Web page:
High on the misty hills of Gamo Highlands in Southern Ethiopia lives an ancient tribe. They live in beehive dome huts that look fragile but stand the test of time. They weave bright-hued fabric, keep livestock and grow vegetables, false bananas, herbs, spices, fruit and even tobacco. Once mighty warriors, the Dorze people of today are deeply connected to nature.
They have become true nature warriors, protecting land and habitats and living inspiring lives of community, goodwill and purpose. Living on the hills of Ethiopia, Dorze people construct giant beehive-like homes structured on vertical poles. Clusters of beehive huts include a separate kitchen, workshop, guest houses and animal pens. These animal huts protect their animals from the elements and those sneaky animal rustlers. These homes are eco-friendly and can be transported and relocated in case of termite attacks. However, with each move, the dome huts get shorter.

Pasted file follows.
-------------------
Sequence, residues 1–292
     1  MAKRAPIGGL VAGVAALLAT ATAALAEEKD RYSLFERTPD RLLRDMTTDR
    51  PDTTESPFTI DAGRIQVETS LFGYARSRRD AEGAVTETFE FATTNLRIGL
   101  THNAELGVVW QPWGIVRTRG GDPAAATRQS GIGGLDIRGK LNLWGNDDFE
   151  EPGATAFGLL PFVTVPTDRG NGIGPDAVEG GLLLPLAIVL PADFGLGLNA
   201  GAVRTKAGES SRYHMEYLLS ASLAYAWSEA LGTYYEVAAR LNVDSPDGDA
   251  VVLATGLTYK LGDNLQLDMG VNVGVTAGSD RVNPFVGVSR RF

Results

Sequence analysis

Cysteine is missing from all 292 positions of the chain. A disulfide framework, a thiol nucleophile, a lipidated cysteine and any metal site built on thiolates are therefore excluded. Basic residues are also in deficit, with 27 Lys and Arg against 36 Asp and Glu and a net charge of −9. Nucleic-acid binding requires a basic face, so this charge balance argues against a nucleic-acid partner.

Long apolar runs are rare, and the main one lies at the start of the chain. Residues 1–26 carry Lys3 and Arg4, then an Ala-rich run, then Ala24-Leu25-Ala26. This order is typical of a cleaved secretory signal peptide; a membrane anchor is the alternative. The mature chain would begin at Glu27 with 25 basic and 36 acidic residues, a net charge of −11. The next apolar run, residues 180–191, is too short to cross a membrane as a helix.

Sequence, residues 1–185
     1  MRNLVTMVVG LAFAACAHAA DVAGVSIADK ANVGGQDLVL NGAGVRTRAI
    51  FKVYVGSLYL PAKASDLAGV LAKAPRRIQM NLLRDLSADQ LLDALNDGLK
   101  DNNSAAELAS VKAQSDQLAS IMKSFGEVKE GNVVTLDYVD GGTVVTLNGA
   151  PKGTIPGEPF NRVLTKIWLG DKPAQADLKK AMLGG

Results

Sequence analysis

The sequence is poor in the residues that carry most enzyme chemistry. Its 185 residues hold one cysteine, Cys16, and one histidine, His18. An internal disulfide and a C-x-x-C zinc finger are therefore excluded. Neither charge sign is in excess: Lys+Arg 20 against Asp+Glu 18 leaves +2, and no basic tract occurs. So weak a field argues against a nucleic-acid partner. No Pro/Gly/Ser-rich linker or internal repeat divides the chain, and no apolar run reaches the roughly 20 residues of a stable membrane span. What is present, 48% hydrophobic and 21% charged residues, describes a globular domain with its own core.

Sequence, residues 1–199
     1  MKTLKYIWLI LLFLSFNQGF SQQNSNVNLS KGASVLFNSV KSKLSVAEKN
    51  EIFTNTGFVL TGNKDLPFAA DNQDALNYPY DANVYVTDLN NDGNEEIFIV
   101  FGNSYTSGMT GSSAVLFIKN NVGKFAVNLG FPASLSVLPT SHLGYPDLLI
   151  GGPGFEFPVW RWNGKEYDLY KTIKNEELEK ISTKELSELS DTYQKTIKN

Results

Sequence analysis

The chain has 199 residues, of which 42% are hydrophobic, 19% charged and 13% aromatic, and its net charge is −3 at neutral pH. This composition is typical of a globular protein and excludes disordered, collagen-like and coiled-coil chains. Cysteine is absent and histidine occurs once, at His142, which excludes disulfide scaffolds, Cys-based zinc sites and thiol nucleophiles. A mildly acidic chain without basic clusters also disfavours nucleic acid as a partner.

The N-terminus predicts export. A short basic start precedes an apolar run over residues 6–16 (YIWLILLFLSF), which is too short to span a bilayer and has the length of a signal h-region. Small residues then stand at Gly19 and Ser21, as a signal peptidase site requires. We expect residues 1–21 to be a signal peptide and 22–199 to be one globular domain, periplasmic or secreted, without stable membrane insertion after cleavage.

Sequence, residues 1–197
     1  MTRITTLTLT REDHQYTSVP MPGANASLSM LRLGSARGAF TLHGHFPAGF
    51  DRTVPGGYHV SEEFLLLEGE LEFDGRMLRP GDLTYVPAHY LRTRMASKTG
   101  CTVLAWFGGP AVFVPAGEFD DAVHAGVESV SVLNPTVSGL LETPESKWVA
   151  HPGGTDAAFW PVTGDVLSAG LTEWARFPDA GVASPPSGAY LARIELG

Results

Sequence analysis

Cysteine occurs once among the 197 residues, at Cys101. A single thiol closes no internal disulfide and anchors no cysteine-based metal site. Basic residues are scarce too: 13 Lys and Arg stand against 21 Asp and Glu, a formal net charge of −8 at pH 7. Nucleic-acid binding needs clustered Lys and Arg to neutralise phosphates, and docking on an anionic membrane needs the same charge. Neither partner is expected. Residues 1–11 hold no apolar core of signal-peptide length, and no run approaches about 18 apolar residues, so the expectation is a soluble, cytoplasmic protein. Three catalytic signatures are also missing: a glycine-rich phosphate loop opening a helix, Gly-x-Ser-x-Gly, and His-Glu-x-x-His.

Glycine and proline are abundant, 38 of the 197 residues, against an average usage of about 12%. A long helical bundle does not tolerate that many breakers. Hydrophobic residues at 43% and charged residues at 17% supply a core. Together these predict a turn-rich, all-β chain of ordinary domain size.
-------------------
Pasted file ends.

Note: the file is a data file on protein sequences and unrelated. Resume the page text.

Dorez people are able subsistence farmers with an innate knowledge of soil erosion prevention techniques. The terrace off the mountainsides to grow cereals and their beehive huts, vegetables, fruit, sweet-smelling spices, and enset (false banana trees) thrive in their constant care. Goats, cows and chickens roam the hilly homes of Dorez people, adding more vitality to their lives.
Even though some Western writers claim that weaving was not an indigenous occupation, Dorez people weave beautifully hued fabric. The women deliver bundles of raw cotton to the lowlands for spinning and dyeing. They spin cotton with admirable dexterity, and mostly men weave those into the colourful fabric.